Clinical Cancer Research
New blood test could offer more tailored treatment of ovarian cancer
Researchers from the University of Manchester and The Christie NHS Foundation Trust -- both part of Manchester Cancer Research Centre -- say the test could be developed and used in hospitals within the next few years.

Contact: Alison Barbuti
alison.barbuti@manchester.ac.uk
44-016-127-58383
University of Manchester

Public Release: 5-Sep-2014
Nature Communications
UT Southwestern researchers find new gene mutations for Wilms Tumor
Researchers at UT Southwestern Medical Center and the Gill Center for Cancer and Blood Disorders at Children's Medical Center, Dallas, have made significant progress in defining new genetic causes of Wilms tumor, a type of kidney cancer found only in children.

Contact: Lori Sundeen Soderbergh
lori.soderbergh@utsouthwestern.edu
214-648-3404
UT Southwestern Medical Center

Public Release: 5-Sep-2014
Breast Cancer Symposium 2014
Novel immunotherapy vaccine decreases recurrence in HER2 positive breast cancer patients
A new breast cancer vaccine candidate, GP2, provides further evidence of the potential of immunotherapy in preventing disease recurrence.

Contact: Laura Sussman
lsussman@mdanderson.org
713-745-2457
University of Texas M. D. Anderson Cancer Center

Public Release: 5-Sep-2014
Journal of Clinical Oncology
Breast cancer specialist reports advance in treatment of triple-negative breast cancer
William M. Sikov, M.D., in the Program in Women's Oncology at Women & Infants Hospital of Rhode Island served as study chair and lead author for a recently-published major national study that could lead to improvements in outcomes for women with triple-negative breast cancer, an aggressive form of the disease that disproportionately affects younger women.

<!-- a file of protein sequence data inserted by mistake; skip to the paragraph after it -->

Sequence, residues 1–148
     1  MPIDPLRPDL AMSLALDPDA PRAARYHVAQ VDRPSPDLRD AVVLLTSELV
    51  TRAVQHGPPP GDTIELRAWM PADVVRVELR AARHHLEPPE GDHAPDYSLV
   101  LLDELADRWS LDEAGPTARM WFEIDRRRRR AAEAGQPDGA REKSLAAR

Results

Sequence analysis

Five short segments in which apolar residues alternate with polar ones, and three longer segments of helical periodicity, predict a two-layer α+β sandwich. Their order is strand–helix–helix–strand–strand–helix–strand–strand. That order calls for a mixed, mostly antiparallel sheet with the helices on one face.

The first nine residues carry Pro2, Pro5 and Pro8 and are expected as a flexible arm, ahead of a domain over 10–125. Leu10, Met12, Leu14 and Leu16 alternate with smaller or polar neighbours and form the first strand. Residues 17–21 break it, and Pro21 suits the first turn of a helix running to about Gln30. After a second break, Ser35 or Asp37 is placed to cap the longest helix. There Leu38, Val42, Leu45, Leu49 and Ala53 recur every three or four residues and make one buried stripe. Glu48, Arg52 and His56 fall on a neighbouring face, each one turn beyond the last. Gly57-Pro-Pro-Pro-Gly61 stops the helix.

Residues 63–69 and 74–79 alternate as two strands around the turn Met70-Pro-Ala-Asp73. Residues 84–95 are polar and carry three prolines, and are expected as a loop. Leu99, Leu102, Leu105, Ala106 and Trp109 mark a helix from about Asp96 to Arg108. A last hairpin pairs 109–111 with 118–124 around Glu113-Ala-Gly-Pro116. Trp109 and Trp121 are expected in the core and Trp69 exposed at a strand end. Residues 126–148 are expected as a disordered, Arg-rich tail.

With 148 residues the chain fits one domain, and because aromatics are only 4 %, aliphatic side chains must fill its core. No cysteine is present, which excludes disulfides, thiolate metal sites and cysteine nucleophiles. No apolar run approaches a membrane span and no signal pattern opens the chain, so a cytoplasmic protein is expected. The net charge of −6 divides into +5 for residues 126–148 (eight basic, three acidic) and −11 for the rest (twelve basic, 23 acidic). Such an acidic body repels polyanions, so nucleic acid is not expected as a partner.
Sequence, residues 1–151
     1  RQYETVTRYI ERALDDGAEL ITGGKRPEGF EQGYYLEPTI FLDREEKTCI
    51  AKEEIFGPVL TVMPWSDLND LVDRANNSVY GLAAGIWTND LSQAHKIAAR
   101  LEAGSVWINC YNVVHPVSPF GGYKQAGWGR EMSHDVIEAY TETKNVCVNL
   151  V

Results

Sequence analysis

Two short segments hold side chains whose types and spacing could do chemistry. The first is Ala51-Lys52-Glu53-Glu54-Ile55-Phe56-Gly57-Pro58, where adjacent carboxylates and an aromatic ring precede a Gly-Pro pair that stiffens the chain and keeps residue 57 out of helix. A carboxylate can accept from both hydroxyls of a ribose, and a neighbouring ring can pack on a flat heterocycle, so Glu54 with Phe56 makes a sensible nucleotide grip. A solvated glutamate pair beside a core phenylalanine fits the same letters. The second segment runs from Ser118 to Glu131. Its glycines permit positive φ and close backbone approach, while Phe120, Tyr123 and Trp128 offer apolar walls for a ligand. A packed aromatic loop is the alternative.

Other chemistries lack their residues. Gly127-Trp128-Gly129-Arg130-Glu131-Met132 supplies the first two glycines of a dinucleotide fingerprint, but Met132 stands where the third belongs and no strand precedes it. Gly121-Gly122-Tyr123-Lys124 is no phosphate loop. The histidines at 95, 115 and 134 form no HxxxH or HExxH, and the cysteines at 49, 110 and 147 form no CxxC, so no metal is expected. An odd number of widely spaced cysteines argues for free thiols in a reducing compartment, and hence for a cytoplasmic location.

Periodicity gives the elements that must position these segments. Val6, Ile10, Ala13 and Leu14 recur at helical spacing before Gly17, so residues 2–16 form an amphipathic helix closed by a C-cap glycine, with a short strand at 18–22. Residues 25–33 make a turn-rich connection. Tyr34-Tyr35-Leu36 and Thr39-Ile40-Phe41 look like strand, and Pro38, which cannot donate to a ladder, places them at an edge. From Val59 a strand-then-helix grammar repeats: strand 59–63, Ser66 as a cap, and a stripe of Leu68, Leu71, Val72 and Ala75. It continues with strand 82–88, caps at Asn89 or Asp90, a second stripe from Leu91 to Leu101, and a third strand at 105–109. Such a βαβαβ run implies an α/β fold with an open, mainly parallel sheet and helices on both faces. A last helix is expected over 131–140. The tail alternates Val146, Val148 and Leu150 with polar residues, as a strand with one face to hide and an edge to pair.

Contact: Susan McDonald
slmcdonald@wihri.org
401-681-2816
Women & Infants Hospital

Public Release: 4-Sep-2014
International Conference of the American Thoracic Society
Chest
A minimally invasive, high-performance intervention for staging lung cancer
Endoscopic biopsy of lymph nodes between the two lungs (mediastinum) is a sensitive and accurate technique that can replace mediastinal surgery for staging lung cancer in patients with potentially resectable tumours.
Canadian Foundation for Innovation, Society of University Surgeons, Fonds de recherche en santé du Québec, Thoracic Surgery Research Foundation of Montreal

Contact: Benjamin Augereau
benjamin.augereau@umontreal.ca
514-343-6796
University of Montreal

Public Release: 4-Sep-2014
SingHealth Duke-NUS Scientific Congress 2014
Study reveals breast surgery as a definitive and safe treatment for elderly patients
A study conducted by National Cancer Centre Singapore has shown that age per se is not a contraindication to breast cancer surgery, and such surgeries may be safely performed for women aged 80 years and above. Led by Dr. Ong Kong Wee, Senior Consultant in the Division of Surgical Oncology, the team consists of Dr. Veronique Tan, Consultant, and Dr. Lee Chee Meng, Resident Doctor. The study explores the safety of breast cancer surgery in women aged 80 years and above.

Contact: Edwin Yong
Edwin.Yong.c.y@nccs.com.sg
65-623-69465
SingHealth

Showing releases 301-325 out of 1238.